Corner Iris Picture

How To Grow Iris From Seeds

By Margie Valenzuela

There is nothing as exciting as growing your own iris seedlings; whether they are from crosses you have made, someone else has made, or a bee has made. Every time a seedling blooms for the first time - - it's like Christmas! And really, it is SO simple. Iris seeds can be planted at any time, but the best time to plant the seeds is during the fall/winter/ and VERY early spring months.

First, soak the seeds in water (using a pudding bowl, cup, or similar) for at least 48 hours up to 2 weeks. Change the water out daily using a strainer to catch the seeds (so as not to lose any). No nicking is necessary. Soaking will cause these shriveled up seeds to plump up as well as to remove the inhibiting factors within the seed so they will germinate more easily.

I've found it best to plant the seeds into either window planter boxes, or one gallon containers using a mixture of potting soil and Jiffy *seed* soil mix. (Or any other brand of seed soil/ or germinating mix). Apply more of the Jiffy *seed soil mix* at the top of the pot, window box, or container. Next, plant the seeds about a half inch deep and preferably at least a half inch apart. In a regular 'one gallon container' plant no more than 20-25 seeds.

Some people prefer to sow the seeds directly into the ground in the fall/winter, and let the natural cold of winter and nature itself wash the inhibitor factors out of the seed. And that will work too. Due to the fact that some varieties of seeds NEED several weeks of cold weather outdoors to germinate, makes it advisable NOT to plant them in late spring/early summer or summer months. Not to confuse you, but I've also found that some seeds which have resulted from crosses made with reblooming irises do NOT need the cold winter chill factor in order to germinate.

After the seeds have been planted ** Keep the soil moist, (not wet) at all times/never drying out ~ to insure germination. If they dry out for too long or too often -- germination will be poor. Then you'll need to wait until the following spring to see those seeds germinate. Some years 55-75% of the seeds germinate, other years close to 80%-100% using this soaking method and keeping them continuously moist after planting. Without soaking the seeds first and keeping them moist at all times, germination can be far less – down to 25% - 45%. However by the second year, come spring, germination will be greatly improved. Most of the seeds retain the capability to germinate in following years if they haven’t all germinated within those first 2 years. Personally, I've never waited longer than those first 2 years, but I have dumped the used soil in tree wells containing ungerminated seeds only to discover them germinating years later.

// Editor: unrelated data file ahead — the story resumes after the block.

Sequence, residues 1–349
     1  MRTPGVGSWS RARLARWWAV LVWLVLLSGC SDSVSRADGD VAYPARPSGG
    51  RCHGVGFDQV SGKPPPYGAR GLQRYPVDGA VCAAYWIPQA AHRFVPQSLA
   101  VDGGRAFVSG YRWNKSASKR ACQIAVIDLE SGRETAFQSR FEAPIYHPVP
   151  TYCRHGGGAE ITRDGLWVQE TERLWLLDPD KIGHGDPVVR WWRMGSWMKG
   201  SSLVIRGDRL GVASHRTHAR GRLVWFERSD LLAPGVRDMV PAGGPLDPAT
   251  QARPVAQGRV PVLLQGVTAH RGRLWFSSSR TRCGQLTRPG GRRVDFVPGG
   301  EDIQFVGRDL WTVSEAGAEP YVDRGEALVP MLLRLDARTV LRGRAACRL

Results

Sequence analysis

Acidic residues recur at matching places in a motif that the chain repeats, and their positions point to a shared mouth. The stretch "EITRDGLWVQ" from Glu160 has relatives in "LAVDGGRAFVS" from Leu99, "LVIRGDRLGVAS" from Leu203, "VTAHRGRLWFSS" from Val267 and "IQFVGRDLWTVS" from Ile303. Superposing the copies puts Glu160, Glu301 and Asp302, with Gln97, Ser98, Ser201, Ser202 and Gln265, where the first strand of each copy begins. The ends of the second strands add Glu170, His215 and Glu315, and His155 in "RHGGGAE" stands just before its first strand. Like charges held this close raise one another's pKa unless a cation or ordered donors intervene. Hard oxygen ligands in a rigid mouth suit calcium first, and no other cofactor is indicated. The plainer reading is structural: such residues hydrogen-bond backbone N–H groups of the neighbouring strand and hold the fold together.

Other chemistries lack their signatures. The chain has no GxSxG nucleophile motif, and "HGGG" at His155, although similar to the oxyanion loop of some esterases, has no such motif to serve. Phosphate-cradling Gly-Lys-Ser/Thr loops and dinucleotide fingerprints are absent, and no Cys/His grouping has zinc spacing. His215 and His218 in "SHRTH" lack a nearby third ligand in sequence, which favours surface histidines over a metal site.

NOTE: Iris seeds will germinate for up to 18 years. That is how they survive in the wild. So, if you want to wait & save some of your seeds for next year or the year after to plant - - it‘s not a problem with IRIS seeds. I've saved seeds in sealed envelopes for up to 4 years and they have all germinated just fine for me. Once planted in the fall or winter - germination of the seeds will take place the following spring. (Usually anywhere from 4 weeks to 12 weeks after planted and set outdoors).

Depending on climatic and growing conditions the seedlings (once sprouted) can produce "maiden bloom" for the first time in the spring of the following year, if not then surely by the next spring. Commonly warmer climates will see "maiden bloom" the first spring after they have sprouted; in cooler climates usually 2 years after they have sprouted.

I hope many of you decide to try your hand at growing irises from seed. And I hope these instructions prove to be helpful to you. Now - good luck with those iris seeds! It should be exciting to see what you get.

Margie Valenzuela
TAIS Board Member and Hybridizer
Oro Valley, AZ